From the Contributor
A history of the State of Franklin, an attempt to create a state in East Tennessee between 1784 and 1789.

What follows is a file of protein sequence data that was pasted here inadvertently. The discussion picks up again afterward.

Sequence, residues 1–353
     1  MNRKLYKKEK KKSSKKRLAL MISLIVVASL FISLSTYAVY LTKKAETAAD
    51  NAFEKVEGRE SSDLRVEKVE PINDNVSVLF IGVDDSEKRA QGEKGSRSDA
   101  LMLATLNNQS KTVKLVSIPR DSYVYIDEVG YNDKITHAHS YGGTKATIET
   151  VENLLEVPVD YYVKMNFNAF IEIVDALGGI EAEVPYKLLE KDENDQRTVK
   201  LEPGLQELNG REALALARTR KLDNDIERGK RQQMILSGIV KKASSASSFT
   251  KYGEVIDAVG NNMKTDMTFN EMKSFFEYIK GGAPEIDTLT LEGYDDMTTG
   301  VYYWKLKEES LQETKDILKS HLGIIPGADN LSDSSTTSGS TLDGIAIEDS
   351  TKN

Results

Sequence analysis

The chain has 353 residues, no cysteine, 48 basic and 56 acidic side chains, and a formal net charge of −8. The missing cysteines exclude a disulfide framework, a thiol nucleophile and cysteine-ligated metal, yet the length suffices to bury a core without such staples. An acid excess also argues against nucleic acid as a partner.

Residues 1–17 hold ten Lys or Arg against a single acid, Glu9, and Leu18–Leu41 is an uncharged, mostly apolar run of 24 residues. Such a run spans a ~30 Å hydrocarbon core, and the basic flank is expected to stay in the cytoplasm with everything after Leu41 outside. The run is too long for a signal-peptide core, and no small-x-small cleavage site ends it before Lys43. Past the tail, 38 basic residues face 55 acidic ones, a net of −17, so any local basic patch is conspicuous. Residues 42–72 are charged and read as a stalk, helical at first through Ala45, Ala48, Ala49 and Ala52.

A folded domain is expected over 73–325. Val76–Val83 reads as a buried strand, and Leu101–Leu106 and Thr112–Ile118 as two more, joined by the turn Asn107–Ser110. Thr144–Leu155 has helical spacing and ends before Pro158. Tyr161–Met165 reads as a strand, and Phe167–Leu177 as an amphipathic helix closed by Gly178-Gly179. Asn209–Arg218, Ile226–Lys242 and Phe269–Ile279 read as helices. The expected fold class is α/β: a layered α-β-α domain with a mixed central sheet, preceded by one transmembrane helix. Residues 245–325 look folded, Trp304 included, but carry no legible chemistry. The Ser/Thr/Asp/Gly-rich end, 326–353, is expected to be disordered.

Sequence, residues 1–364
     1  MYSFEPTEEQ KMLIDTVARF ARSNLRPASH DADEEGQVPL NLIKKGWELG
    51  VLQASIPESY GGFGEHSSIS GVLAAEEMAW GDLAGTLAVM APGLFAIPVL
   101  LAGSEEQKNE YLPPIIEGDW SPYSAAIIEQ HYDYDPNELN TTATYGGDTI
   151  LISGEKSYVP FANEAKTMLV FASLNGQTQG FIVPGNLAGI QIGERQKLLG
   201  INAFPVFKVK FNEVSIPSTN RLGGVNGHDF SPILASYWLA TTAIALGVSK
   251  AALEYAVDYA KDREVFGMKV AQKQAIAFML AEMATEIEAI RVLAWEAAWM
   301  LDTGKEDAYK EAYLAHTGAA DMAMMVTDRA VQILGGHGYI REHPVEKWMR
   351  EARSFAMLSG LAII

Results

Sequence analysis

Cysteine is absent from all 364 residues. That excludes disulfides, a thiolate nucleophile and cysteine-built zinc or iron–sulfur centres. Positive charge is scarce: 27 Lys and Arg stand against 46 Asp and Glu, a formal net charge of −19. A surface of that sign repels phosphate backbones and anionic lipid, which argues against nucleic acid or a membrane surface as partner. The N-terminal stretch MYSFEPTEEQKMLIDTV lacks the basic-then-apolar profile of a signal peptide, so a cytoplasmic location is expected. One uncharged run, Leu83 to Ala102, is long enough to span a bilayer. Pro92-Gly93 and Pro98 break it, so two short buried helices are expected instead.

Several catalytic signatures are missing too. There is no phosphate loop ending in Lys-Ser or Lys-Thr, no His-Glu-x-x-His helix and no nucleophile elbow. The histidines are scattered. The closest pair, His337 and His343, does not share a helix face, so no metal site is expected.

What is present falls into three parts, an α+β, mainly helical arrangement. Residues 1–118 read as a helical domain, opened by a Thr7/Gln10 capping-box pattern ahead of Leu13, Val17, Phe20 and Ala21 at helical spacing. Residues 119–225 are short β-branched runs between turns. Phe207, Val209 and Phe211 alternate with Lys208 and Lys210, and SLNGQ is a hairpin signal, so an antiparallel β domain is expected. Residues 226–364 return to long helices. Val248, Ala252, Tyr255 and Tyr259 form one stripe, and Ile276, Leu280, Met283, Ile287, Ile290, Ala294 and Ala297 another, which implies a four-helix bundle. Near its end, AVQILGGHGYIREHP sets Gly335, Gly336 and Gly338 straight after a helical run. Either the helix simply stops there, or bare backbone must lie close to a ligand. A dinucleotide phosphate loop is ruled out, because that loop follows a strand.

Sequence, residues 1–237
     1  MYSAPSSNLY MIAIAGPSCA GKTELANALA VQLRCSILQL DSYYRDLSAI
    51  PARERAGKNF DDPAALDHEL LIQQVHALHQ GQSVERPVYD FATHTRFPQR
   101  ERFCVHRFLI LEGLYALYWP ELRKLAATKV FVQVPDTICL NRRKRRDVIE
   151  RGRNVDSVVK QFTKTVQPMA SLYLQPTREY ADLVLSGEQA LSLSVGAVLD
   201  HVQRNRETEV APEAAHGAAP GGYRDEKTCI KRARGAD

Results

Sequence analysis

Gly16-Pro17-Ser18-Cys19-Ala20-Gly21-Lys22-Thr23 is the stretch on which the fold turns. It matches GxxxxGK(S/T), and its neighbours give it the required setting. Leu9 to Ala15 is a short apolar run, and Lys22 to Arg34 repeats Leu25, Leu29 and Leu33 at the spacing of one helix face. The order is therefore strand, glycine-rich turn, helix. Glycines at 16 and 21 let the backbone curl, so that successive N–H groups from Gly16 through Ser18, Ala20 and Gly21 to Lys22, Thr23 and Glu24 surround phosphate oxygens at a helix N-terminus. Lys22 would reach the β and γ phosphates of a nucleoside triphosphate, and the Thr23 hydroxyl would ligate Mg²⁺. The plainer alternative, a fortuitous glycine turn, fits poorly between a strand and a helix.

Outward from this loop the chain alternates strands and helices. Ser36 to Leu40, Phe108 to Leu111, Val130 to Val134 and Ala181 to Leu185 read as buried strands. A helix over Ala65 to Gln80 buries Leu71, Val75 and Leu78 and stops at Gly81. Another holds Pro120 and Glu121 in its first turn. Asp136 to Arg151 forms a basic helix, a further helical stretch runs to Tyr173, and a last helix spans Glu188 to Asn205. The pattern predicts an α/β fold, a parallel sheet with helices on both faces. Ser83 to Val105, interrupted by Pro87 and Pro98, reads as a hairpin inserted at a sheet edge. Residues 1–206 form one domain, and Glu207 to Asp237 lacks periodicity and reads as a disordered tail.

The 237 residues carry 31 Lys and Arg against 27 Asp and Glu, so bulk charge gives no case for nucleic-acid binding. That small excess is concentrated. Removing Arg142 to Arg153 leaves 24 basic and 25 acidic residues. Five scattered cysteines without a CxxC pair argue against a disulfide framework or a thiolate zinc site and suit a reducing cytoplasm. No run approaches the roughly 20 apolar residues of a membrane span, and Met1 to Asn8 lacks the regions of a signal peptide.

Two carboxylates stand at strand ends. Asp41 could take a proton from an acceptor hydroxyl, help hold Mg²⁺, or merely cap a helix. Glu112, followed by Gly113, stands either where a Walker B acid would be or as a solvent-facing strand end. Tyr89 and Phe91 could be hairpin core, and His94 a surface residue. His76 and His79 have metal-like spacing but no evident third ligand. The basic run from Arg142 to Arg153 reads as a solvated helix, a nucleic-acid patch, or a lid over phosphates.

When North Carolina ceded her western lands (now Tennessee) to the Congress of the Confederation in 1784, the people west of the mountains were left without a government, especially since Congress were in no hurry to accept the cession. To provide order, justice, and security, local leaders formed the State of Franklin and attempted to become an equal member of the United States. North Carolina changed her mind about the land cession shortly after it was made, but by this point the State of Franklin already existed. For over four years the Franklinites would assert their independence by selling public lands, establishing courts, waging war, engaging in international diplomacy, and eventually devolving into civil war between the Franklinites and the Carolina loyalists. Although Franklin failed as a new state movement, it, and other (sometimes more successful) attempts to form new states on the American frontier, was one of the driving forces behind the creation of the United States Constitution and the formation of a strong federal republic.